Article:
OSCARS: One Opinion On Best Supporting Nominations

Christian Bale and Melissa Leo have a fighting
chance at supporting-actor Oscars

By Rafer Guzman

Where’s Justin Timberlake?

In “The Social Network,” he had the small but crucial role of a slick-talking dot-commer who walked away with a slice of the Facebook pie. Critics were impressed, but when Oscar nods were announced, Timberlake’s name was not called. In the meantime, Timberlake will surely be graciously cheering for his colleagues in this year’s best supporting actor category. Here are the contenders:

  • Jeremy Renner, “The Town.” Renner followed up his reckless Army bomb defuser in 2009’s “The Hurt Locker” with a trigger-happy bank robber in this crime drama from Ben Affleck. Renner again drew fine notices, but his rising star hasn’t yet hit the firmament.
  • Mark Ruffalo, “The Kids Are All Right.” Call him the straight man in this comedy-drama about a lesbian couple. Though widely considered a top-notch actor, Ruffalo has a natural, deceptively easy style, which may explain why he had never before gotten an Oscar nomination.
  • John Hawkes, “Winter’s Bone.” John who? Think of him as a male Melissa Leo. After years of hard work in the bit-part trenches, he lands a major role in this gritty indie drama and now, at 51, finds himself in need of an Oscar-night tuxedo. He won’t win, but he’s worth rooting for.
  • Geoffrey Rush, “The King’s Speech.” In any other year, Rush would win for his terrific portrayal of real-life eccentric vocal coach Lionel Logue. The movie will likely win many awards, just not this one.
  • Christian Bale, “The Fighter.” And in this corner, it’s not the movie’s star, Mark Wahlberg, but Bale who seems destined for an Oscar knockout. Bale dropped 30 pounds to play a crack-addicted former boxer, and his performance has made him the heavyweight in this fight.

Best Supporting Actress

The winner seems already decided, but this year’s list of supporting actress Oscar nominees is still full of surprises.

One is Jacki Weaver, an Australian few Americans had heard of until she earned a nod for playing a crime-family matriarch in the thriller “Animal Kingdom.” Another is young Hailee Steinfeld, who plays a little girl gunning for rough justice in “True Grit,” the Coen brothers Western that has done unexpectedly well at the Oscars with 10 nominations, second only to “The King’s Speech” with 12.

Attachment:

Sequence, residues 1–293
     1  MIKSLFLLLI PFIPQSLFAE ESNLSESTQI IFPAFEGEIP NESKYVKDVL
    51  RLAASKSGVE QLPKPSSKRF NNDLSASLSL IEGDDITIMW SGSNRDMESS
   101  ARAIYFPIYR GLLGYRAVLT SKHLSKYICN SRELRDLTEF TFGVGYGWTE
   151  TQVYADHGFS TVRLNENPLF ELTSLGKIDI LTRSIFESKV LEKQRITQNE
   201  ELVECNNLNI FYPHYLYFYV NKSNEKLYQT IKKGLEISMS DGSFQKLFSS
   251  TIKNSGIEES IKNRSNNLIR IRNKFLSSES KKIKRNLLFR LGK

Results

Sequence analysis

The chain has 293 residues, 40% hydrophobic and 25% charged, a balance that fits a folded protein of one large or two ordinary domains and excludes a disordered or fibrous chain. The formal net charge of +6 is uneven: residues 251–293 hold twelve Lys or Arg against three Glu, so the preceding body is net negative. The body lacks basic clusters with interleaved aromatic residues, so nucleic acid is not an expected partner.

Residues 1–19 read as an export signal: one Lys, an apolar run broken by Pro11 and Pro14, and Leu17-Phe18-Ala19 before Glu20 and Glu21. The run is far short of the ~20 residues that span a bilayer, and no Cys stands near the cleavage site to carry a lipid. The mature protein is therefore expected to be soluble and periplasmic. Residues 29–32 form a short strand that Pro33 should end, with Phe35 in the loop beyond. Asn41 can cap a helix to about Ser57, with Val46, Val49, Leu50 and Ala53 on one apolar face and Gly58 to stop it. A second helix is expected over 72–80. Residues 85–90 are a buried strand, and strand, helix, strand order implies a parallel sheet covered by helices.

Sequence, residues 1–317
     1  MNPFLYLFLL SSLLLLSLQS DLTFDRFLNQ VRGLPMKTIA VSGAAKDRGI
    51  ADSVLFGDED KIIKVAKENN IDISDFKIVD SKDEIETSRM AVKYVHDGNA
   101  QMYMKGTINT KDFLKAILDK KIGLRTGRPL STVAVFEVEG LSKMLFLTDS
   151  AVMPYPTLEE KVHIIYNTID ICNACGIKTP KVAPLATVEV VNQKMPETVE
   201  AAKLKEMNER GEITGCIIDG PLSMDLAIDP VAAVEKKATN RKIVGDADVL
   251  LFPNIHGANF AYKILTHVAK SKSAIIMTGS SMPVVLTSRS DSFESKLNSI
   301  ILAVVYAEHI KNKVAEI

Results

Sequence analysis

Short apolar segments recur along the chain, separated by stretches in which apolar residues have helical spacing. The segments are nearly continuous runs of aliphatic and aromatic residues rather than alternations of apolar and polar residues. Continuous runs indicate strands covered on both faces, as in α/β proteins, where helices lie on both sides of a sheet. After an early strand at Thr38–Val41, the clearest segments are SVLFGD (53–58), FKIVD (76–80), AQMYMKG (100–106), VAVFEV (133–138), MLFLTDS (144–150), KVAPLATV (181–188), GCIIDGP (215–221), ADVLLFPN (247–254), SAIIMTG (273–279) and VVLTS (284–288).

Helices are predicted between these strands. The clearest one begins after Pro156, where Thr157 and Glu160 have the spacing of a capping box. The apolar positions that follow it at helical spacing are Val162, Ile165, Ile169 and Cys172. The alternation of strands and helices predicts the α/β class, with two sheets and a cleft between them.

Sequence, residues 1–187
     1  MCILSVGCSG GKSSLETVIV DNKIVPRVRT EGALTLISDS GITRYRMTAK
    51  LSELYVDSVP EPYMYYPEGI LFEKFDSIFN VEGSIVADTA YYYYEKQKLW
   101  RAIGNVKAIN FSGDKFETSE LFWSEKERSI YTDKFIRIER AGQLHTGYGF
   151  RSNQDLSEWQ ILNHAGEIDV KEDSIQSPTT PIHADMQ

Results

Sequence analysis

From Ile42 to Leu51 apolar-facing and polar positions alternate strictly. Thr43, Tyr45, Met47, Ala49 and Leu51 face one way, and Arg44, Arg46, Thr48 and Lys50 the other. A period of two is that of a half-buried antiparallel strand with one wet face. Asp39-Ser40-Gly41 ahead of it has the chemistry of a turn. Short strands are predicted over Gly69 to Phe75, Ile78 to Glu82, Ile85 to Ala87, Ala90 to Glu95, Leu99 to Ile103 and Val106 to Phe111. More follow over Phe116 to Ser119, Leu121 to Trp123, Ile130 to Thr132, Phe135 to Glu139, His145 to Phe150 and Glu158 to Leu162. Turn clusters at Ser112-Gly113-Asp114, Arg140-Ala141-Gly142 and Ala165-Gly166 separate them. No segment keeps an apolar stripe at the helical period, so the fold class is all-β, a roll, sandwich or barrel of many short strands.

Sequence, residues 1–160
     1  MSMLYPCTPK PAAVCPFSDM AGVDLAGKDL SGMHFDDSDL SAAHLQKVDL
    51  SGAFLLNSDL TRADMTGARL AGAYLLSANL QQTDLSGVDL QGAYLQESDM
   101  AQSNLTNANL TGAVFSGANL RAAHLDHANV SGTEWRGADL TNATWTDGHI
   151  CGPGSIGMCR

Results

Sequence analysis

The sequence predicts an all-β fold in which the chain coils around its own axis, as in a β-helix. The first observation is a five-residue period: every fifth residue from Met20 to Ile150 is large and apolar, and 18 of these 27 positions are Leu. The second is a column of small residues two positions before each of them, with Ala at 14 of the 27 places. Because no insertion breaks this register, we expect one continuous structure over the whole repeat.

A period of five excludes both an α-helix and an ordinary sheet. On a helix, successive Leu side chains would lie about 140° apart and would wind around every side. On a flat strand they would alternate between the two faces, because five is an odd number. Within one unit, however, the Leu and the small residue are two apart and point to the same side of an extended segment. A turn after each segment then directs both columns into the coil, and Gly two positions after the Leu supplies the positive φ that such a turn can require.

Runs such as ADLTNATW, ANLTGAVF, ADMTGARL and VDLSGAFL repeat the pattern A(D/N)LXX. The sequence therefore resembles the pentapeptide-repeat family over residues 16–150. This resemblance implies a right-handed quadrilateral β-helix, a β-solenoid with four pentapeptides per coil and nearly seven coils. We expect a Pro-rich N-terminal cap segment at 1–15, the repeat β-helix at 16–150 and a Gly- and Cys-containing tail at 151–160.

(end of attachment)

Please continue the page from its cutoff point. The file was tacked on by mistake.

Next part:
There’s also the Melissa Leo question. The front-runner’s unorthodox Oscar campaign, in which she took out her own ads in trade publications, has raised enough eyebrows that a last-minute win for Helena Bonham Carter (“The King’s Speech”) almost seems possible.

Leo remains the front-runner, but the mini-scandal has at least helped spice up this particular race. Here are the ladies in waiting:

  • Amy Adams, “The Fighter.” As a no-nonsense bartender, Adams delivered one of this film’s best performances. But just as Mark Wahlberg paled next to Christian Bale, Adams has been outshone by Leo.
  • Hailee Steinfeld, “True Grit.” The bad news: She won’t win. The good news: She’s now an Oscar-nominated 14-year-old whose first major role came in a Coen brothers film alongside Jeff Bridges, Matt Damon and Josh Brolin.
  • Jacki Weaver, “Animal Kingdom.” This film has earned just over $1 million in ticket sales, according to BoxOfficeMojo, which means few people have even seen it. Luckily for Weaver, academy voters were among them.
  • Helena Bonham Carter, “The King’s Speech.” After a long stretch of cartoony roles in the “Harry Potter” films and partner Tim Burton’s 2010 version of “Alice in Wonderland,” Bonham returned to classical form as the young Queen Mother. The contrarian view says this could be her year.
  • Melissa Leo, “The Fighter.” As the chain-smoking mother of a crack addict, Leo delivered such a spot-on performance that this race seems hers to lose. And could she, given her rogue Oscar campaign? Either way, let’s hope for a close-up when the winner is announced.